2Laboratory of Biochemistry, Department of Chemistry,
Correspondence Address: Dr. Kostas Vekrellis, Center for Basic Science, Biomedical Research Foundation Academy of Athens, 4 Soranou Ephessiou St., Athens 11527, Greece. E-mail: firstname.lastname@example.org
© The Author(s) 2020. Open Access This article is licensed under a Creative Commons Attribution 4.0 International License (https://creativecommons.org/licenses/by/4.0/), which permits unrestricted use, sharing, adaptation, distribution and reproduction in any medium or format, for any purpose, even commercially, as long as you give appropriate credit to the original author(s) and the source, provide a link to the Creative Commons license, and indicate if changes were made.
The discovery of diagnostic and prognostic biomarkers for neurodegenerative diseases represents an unmet clinical challenge. For example, the diagnosis of Parkinson’s disease (PD) relies mainly on the presence of clinical symptoms. Therefore, the identification and use of novel PD biomarkers would allow the application of disease-modifying treatments at the very early stages of neurodegeneration. The presynaptic protein, α-synuclein, has been genetically and biochemically linked with PD pathogenesis and has been considered as a potential biomarker for the diagnosis of PD and the related synucleinopathies. The vast majority of studies have assessed the measurement of α-synuclein, alone or in combination with other biomarkers in the cerebrospinal fluid (CSF), since it is the biofluid that most closely reflects the pathophysiology of the brain. The diagnostic value of the monomeric α-synuclein but also the oligomeric, the phosphorylated and the aggregated forms of the protein has been evaluated using a variety of immunoassays. The results have so far been reproducible but the assays used are still lacking the required diagnostic accuracy. Recent reports have shown that Protein misfolding cyclic amplification is a technique that has the potential to detect α-synuclein seeds in samples of CSF with high sensitivity and across different synucleinopathies. In an effort to increase the source of biomarker for PD and related synucleinopathies, α-synuclein has also been measured in neuronal exosomes, small vesicles of endosomal origin that are secreted from neurons into the CSF or the periphery. The potential diagnostic value of exosomes stems from the notion that exosomes carry a disease-specific repertoire of marker proteins. Therefore, the assessment of exosome-associated α-synuclein species may also open up new avenues for disease diagnosis in different synucleinopathies.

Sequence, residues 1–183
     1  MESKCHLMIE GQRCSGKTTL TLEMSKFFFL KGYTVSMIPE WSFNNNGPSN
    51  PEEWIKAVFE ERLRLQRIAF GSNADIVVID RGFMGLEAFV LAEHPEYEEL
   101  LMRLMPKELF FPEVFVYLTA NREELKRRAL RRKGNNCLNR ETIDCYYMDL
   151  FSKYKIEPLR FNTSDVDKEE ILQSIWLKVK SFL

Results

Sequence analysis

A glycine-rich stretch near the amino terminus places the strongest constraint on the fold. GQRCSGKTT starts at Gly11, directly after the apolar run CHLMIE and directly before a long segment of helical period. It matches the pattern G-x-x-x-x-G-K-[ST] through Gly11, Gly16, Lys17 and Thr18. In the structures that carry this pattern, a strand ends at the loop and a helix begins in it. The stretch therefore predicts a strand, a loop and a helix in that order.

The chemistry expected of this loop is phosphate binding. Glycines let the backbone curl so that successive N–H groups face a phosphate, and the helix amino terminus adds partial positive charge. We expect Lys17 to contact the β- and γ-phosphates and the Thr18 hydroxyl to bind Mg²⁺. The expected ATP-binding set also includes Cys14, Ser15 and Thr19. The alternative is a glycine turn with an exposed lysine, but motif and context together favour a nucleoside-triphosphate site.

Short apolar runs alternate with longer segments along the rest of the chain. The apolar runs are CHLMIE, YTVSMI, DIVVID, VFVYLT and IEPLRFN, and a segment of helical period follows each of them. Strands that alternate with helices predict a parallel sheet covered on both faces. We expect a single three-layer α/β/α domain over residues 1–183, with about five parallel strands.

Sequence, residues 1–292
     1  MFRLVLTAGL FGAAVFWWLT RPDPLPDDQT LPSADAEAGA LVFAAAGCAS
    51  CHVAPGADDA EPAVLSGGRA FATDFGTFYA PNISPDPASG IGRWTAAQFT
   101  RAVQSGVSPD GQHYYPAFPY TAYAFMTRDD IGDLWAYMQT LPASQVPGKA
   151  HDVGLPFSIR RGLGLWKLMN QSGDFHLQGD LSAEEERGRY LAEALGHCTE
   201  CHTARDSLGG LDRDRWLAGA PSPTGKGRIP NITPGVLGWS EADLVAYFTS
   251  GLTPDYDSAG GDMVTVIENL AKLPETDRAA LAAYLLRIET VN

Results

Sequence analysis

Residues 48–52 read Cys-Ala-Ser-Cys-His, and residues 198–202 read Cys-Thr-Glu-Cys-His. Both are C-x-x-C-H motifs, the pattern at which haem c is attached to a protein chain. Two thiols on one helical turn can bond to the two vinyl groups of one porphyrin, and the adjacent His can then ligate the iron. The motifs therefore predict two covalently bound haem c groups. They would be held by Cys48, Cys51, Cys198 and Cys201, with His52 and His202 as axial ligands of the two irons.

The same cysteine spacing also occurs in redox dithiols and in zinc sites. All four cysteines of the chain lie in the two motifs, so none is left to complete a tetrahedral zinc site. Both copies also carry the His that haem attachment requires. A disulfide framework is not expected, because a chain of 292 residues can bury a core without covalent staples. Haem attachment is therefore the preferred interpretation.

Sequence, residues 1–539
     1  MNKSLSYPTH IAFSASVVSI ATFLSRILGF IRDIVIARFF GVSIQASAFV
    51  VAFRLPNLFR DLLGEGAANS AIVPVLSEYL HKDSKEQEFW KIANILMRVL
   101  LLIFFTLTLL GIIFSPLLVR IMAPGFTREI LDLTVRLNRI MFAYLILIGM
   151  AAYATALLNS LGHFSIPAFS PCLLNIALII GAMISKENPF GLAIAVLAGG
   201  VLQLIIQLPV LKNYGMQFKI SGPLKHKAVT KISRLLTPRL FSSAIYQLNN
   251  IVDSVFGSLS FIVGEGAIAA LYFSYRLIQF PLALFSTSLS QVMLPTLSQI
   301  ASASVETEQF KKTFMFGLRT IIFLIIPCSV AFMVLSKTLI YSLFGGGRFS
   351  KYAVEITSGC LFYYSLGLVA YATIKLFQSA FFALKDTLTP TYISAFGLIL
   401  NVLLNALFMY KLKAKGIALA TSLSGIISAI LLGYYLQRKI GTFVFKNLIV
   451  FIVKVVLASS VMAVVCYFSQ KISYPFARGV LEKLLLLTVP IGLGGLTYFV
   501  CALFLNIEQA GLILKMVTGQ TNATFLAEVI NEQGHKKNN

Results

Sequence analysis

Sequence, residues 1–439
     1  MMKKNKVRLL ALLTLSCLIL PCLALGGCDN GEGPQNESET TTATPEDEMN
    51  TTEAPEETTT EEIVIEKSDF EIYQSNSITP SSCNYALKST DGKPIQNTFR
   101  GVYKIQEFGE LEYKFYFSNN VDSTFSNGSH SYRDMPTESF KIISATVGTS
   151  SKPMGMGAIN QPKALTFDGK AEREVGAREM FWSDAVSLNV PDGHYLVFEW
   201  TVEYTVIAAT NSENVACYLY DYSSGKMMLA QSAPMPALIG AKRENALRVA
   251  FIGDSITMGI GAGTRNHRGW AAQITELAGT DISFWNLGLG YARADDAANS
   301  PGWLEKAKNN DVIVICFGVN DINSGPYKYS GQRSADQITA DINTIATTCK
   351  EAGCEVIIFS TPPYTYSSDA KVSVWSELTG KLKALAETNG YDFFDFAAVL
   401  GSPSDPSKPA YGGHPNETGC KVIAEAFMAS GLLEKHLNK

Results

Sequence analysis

Cerebrospinal fluid, α-synuclein, Parkinson’s disease, biomarker, exosomes, synucleinopathies
The formation of large inclusions mostly containing protein aggregates is a common pathological hallmark in a wide spectrum of neurodegenerative disorders such as Alzheimer’s Disease (AD) and Huntington Disease. Particularly three distinct neurological conditions, Parkinson’s Disease (PD) including Parkinson’s disease dementia, Dementia with Lewy Bodies (DLB) and Multiple System Atrophy (MSA), are characterized by the aberrant accumulation of the presynaptic protein α-synuclein. In PD and DLB, α-synuclein deposits are found either in the cytoplasm of neurons, where they are called lewy bodies (LB), or in the neuronal terminals, where they are called Lewy neurites whereas in MSA, α-synuclein deposition occurs in glial cells. α-Synuclein is also genetically linked with the development of PD since specific point mutations or multiplications (duplications, triplications) of the SNCA gene encoding for α-synuclein result in the familial forms of PD[3-8]. The genetic association of α-synuclein with PD is further strengthened by all the genome-wide association studies performed so far which indicate a strong correlation of PD with variations in the SNCA gene[9,10]. These biochemical and genetic linkages of α-synuclein with pathology as well as the observation that the protein is present in biological fluids or peripheral tissues led to the assumption that α-synuclein could serve as a potential candidate biomarker for PD diagnosis and also aid the differential diagnosis between the synucleinopathies.